|by Katie Parla||Art + Culture, Art + Culture, Italy, Rome||11|
Four hundred years after the artist's death, the much-anticipated Caravaggio exhibit will be open at the Scuderie del Quirinale from February 20 through June 13. Michelangelo da Merisi, dubbed Caravaggio, painted canvases for cardinals, popes, and nobles in the late 16th and early 17th centuries—when he wasn't getting into brawls or fleeing from one Italian city to the next.
Caravaggio mastered the dramatic use of chiaroscuro (contrast of highlight and shadow). Others, including Raphael, had toyed with the use of light and dark in art before, but none achieved the realism and emotion that Caravaggio would with his subjects.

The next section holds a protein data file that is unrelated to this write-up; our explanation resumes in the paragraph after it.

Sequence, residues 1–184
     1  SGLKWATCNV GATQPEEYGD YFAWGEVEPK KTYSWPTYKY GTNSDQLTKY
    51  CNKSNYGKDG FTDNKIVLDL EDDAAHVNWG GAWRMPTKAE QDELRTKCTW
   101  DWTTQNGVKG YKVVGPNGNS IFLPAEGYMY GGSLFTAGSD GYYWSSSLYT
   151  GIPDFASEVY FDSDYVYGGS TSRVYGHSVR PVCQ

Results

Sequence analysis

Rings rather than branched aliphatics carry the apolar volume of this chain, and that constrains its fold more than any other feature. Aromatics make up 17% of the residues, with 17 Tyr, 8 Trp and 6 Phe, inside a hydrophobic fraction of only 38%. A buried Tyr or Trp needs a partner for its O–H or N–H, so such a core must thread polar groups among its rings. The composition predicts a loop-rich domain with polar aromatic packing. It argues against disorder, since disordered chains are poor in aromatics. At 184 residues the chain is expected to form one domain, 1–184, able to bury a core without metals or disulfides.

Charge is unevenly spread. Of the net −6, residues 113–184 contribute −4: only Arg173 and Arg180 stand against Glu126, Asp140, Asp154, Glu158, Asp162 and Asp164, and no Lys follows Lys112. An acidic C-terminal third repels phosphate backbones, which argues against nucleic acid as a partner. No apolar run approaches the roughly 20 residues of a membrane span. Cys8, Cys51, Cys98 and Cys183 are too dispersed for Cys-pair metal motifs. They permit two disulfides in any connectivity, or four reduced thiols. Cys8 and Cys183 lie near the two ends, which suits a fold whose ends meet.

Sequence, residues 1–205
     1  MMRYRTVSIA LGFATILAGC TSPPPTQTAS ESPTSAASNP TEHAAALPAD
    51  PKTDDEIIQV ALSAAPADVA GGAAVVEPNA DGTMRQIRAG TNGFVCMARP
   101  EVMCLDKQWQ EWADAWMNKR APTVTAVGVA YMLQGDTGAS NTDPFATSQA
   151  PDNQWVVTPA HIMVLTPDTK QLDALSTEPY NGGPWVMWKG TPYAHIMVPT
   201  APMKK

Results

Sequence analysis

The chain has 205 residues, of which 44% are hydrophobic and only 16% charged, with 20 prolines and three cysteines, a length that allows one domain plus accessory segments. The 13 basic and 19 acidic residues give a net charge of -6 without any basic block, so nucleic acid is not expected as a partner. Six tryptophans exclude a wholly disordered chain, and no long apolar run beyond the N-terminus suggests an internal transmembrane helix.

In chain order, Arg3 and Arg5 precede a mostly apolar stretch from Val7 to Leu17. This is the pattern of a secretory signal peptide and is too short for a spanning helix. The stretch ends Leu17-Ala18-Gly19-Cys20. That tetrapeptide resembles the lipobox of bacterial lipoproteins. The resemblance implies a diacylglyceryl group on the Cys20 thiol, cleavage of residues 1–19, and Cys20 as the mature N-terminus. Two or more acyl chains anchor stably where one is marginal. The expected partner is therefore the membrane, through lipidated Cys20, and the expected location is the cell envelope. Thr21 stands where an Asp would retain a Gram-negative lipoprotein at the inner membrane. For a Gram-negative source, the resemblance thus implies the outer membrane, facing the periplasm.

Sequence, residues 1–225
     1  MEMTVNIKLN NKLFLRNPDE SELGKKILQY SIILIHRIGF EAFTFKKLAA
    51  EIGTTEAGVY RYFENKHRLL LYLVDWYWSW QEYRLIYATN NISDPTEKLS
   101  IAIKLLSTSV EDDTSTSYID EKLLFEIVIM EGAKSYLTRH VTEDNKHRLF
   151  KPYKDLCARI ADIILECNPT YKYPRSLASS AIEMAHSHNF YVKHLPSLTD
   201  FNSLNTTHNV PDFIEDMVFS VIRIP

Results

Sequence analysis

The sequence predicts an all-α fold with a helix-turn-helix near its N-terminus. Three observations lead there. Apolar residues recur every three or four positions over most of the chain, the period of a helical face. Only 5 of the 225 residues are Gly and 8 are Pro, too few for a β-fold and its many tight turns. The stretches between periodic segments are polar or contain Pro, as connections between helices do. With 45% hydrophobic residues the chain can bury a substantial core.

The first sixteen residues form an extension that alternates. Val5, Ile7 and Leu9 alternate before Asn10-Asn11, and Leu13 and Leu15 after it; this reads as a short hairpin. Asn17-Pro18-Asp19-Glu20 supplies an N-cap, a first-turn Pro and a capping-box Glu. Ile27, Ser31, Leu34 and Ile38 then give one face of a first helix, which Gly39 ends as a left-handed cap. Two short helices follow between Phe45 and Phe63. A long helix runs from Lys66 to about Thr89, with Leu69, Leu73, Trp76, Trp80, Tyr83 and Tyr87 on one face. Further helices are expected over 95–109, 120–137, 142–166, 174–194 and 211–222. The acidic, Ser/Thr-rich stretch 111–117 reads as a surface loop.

The Quirinal brings together works of art from museums and public and private collections around the world. Look for Bacchus (Uffizi, Florence), David With the Head of Goliath (Galleria Borghese, Rome) and The Lute Player (Hermitage, St Petersburg). Expect big crowds during the first months and, if possible, avoid visiting on a weekend. For advance ticket bookings, visit Pierreci.it.
Check back throughout the year for updates on other blockbuster openings in Rome.
Scuderie del Quirinale, via XXIV Maggio, 16; Sunday-Thursday 10am-8pm, Friday and Saturday 10am-10:30pm; €10/$14. Transport: Bus # 16, 170, 36, 360, 40, 60, 61, 62, 64, 70, H; Metro A to Repubblica or Metro B to Cavour.
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